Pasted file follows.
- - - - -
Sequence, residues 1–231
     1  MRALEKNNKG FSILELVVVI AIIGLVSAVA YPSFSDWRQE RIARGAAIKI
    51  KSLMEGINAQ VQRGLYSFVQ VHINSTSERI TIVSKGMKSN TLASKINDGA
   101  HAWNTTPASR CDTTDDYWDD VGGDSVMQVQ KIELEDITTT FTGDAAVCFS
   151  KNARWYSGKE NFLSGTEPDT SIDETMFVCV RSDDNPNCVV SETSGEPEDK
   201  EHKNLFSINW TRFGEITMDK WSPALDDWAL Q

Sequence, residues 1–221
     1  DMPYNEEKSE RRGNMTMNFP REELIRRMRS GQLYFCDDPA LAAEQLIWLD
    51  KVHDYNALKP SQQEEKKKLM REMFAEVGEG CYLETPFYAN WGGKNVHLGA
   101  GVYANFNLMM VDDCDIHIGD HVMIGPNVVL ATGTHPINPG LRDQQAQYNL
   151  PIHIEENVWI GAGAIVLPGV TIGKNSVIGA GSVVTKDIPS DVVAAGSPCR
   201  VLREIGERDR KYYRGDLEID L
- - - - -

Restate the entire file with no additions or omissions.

Sequence, residues 1–231
     1  MRALEKNNKG FSILELVVVI AIIGLVSAVA YPSFSDWRQE RIARGAAIKI
    51  KSLMEGINAQ VQRGLYSFVQ VHINSTSERI TIVSKGMKSN TLASKINDGA
   101  HAWNTTPASR CDTTDDYWDD VGGDSVMQVQ KIELEDITTT FTGDAAVCFS
   151  KNARWYSGKE NFLSGTEPDT SIDETMFVCV RSDDNPNCVV SETSGEPEDK
   201  EHKNLFSINW TRFGEITMDK WSPALDDWAL Q

Sequence, residues 1–221
     1  DMPYNEEKSE RRGNMTMNFP REELIRRMRS GQLYFCDDPA LAAEQLIWLD
    51  KVHDYNALKP SQQEEKKKLM REMFAEVGEG CYLETPFYAN WGGKNVHLGA
   101  GVYANFNLMM VDDCDIHIGD HVMIGPNVVL ATGTHPINPG LRDQQAQYNL
   151  PIHIEENVWI GAGAIVLPGV TIGKNSVIGA GSVVTKDIPS DVVAAGSPCR
   201  VLREIGERDR KYYRGDLEID L